Doc’s — Where Search Ends and Knowledge Begins!

In the past, street maps on paper were often unwieldy, origami-like traveling companions. While these maps had all the streets and roads named, they had very little else — no information on how to find commonly sought destinations or the best routes to travel to destination, for example.

Digital map services solved this problem by simply overlaying location map-pins to identify and highlight common destinations and entities — landmarks, restaurants, hospitals, schools, and so on — and route and destination information. The added-value and utility provided by map-pin overlays made navigating to unfamiliar destinations faster, easier, and less risky for everyone.

Today’s search engine results are limited as knowledge companions

Today’s search engines are like paper street maps. While they provide information for things we are already familiar with or trivial content, they are of very little help in discovering unfamiliar but important informational content we might really need.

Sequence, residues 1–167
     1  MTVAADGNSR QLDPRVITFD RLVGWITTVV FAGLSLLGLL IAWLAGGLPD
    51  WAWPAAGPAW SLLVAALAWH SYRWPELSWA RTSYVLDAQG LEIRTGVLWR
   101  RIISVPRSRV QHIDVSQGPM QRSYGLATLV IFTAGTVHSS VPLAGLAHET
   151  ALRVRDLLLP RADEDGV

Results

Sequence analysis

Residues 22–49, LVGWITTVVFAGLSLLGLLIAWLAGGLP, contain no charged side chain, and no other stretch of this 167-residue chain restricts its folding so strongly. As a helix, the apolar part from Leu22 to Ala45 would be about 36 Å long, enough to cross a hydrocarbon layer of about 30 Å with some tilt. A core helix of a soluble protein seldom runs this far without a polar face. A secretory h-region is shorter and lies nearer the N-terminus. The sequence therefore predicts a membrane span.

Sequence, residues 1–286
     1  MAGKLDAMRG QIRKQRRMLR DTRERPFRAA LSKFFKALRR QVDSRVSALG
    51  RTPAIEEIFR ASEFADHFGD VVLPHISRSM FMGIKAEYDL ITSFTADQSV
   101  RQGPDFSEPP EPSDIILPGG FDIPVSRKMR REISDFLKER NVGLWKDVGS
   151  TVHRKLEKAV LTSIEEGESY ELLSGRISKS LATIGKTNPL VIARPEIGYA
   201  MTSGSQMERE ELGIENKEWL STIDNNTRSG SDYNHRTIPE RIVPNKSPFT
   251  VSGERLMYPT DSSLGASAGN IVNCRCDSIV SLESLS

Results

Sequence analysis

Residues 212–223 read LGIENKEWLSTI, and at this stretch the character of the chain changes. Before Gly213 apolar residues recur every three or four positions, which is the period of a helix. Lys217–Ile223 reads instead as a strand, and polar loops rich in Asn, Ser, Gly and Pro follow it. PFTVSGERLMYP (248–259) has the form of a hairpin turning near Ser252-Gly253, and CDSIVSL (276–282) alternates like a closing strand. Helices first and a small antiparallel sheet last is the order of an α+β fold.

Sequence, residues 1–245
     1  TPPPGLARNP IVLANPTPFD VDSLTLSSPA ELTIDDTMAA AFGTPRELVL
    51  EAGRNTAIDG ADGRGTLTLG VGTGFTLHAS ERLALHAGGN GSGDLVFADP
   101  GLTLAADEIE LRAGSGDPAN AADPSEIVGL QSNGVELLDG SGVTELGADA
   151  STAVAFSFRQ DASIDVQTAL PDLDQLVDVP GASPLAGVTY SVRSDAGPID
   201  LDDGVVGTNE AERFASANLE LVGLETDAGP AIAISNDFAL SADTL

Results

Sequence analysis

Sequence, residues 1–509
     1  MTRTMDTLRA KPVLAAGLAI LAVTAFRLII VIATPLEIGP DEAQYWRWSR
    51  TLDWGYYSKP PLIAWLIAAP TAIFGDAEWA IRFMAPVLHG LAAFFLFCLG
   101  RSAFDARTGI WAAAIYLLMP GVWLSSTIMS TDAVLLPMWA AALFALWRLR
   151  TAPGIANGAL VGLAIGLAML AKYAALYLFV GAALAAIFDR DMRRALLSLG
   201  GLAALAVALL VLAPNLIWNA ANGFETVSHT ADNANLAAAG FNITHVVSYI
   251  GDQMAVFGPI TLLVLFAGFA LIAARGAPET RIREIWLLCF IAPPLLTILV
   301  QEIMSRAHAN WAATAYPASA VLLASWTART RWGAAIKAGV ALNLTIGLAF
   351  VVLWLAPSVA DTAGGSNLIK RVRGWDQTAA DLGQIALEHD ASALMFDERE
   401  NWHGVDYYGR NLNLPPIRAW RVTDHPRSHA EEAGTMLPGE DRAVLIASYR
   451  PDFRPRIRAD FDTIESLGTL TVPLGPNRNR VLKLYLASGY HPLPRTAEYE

A mix of experience, caution and laziness exacerbates this content discovery problem. That is, beyond the first or second page of search results provided, few of us ever look at anything more. In other words, we have conditioned ourselves to assume search results beyond those two pages are both far less relevant, likely to be riskier and thus a waste of time. But we really have no idea what is there.

These content discovery problems become really acute when searching for something we need to know — health, children, school, work, money, legal issues, business, and so on. When it is important to find reliable — credible, accurate and up to date — information that is totally unfamiliar, search engine results can be a pain.